5. Streamers: Before a lightning current forms, the negatively charged particles at the bottom of a cloud are attracted to the positively charged ground and positive streamers in particular. Positive streamers are positive ions that extend upward from the ground. The negatively charged ions, also called step leaders, create an electric field as they move toward the ground. When the positive streamers extend toward the negative ions and make contact with a step leader, lightning strikes. Once a lightning strike has occurred, other streamers in the area discharge. Streamers can extend from things such as the ground surface, a tree, or a person. If a person is involved as one of the streamers that discharge after a lightning strike has occurred, that individual could be seriously injured or killed. Streamer strikes are not as common as the other types of strikes.
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Consequences of Being Struck by Lightning

The consequences resulting from a lightning strike vary and depend on the type of strike and the amount of current traveling through the body.

  • Lightning can cause burns to the skin, deep wounds, and tissue damage. The electrical current can also cause a type of scaring known as Lichtenberg figures (branching electric discharges). This type of scaring is characterized by unusual fractal patterns that develop as a result of blood vessel destruction that happens as the lightning current travels through the body.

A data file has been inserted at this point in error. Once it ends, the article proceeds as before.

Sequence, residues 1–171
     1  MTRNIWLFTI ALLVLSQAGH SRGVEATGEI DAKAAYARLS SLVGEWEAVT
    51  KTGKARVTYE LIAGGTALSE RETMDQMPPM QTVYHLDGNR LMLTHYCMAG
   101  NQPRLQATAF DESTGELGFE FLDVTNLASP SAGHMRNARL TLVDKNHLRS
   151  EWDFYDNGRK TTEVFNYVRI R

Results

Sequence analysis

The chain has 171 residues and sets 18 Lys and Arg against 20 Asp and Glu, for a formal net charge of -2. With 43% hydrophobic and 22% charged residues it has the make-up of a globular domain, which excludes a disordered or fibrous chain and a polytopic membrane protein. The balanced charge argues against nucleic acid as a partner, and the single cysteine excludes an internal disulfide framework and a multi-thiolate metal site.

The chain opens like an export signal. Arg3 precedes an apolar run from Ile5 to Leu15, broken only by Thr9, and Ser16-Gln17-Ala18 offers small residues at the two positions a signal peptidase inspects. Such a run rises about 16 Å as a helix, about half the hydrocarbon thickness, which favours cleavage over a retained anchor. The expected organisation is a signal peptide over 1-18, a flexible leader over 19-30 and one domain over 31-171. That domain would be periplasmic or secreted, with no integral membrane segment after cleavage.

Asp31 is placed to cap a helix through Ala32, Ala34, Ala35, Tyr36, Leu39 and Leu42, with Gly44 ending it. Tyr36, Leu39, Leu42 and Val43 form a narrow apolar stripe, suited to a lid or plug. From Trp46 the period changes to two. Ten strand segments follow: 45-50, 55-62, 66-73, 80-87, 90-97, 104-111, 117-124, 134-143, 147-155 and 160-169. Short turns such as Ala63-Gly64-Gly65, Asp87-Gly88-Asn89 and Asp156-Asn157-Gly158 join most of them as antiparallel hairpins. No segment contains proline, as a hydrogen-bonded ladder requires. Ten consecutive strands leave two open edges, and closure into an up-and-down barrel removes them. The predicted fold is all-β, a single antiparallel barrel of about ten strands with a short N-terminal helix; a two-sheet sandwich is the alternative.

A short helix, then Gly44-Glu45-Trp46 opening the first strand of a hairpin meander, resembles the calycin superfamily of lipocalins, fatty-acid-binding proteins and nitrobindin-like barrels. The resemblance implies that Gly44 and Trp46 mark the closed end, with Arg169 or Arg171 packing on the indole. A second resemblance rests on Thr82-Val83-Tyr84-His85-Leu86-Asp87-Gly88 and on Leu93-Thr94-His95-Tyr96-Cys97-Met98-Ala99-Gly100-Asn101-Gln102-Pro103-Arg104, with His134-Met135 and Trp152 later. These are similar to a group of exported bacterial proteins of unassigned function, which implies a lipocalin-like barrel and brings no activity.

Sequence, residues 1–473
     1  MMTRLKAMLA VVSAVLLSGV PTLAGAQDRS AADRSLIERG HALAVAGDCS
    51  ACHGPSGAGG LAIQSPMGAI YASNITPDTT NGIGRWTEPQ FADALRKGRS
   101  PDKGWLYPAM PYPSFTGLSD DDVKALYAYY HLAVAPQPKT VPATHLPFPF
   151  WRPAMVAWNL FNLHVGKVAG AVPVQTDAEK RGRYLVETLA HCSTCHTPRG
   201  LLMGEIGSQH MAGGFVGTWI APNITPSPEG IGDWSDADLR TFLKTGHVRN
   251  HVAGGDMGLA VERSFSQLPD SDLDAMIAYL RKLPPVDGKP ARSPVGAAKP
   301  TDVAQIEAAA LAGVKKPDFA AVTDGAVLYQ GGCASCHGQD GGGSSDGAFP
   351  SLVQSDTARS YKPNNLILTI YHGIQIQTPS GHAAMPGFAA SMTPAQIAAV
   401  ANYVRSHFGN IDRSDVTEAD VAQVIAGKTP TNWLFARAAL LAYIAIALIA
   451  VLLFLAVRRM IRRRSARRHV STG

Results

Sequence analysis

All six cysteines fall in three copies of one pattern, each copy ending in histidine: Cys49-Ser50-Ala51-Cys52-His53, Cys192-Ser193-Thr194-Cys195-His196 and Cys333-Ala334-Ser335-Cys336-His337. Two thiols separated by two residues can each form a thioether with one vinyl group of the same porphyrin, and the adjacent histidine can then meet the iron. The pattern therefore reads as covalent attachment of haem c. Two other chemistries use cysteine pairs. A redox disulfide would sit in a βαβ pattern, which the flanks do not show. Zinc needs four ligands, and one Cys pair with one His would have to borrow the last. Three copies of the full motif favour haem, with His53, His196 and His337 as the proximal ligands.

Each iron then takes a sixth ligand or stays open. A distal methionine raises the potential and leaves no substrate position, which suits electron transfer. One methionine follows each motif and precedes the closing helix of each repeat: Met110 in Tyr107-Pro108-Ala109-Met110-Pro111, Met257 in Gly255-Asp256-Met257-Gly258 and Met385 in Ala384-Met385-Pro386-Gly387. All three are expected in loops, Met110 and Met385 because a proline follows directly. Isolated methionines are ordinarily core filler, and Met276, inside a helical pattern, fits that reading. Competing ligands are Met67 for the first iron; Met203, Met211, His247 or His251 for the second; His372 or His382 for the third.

• Cardiac arrest can occur as a lightning strike can cause the heart to stop. It may also cause arrhythmias and pulmonary edema (fluid accumulation in the lungs).
  • Lightning strikes may cause a number of neurological conditions and brain damage. A person may slip into a coma, experience pain and numbness or weakness in limbs, suffer from spinal cord injuries, or develop sleep and memory disorders.
  • A lightning strike may cause damage to the ear and hearing loss. It may also cause vertigo, corneal damage, and blindness.
  • The sheer force of being hit by a lightning strike can cause clothing and shoes to be blown off, singed, or shredded. This type of trauma can also cause internal bleeding and can sometimes result in broken bones.

The proper response to lightning and storms is to seek shelter quickly. Stay away from doors, windows, electrical equipment, sinks, and faucets. If you get caught outside, do not seek shelter under a tree or rocky overhang. Stay away from wires or objects that conduct electricity and keep moving until you find safe shelter.


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Bailey, Regina. "What a Lightning Strike Does to Your Body." ThoughtCo, Jul. 29, 2021, thoughtco.com/what-lightning-does-to-your-body-373600. Bailey, Regina. (2021, July 29). What a Lightning Strike Does to Your Body. Retrieved from https://www.thoughtco.com/what-lightning-does-to-your-body-373600 Bailey, Regina. "What a Lightning Strike Does to Your Body." ThoughtCo. https://www.thoughtco.com/what-lightning-does-to-your-body-373600 (accessed February 1, 2023).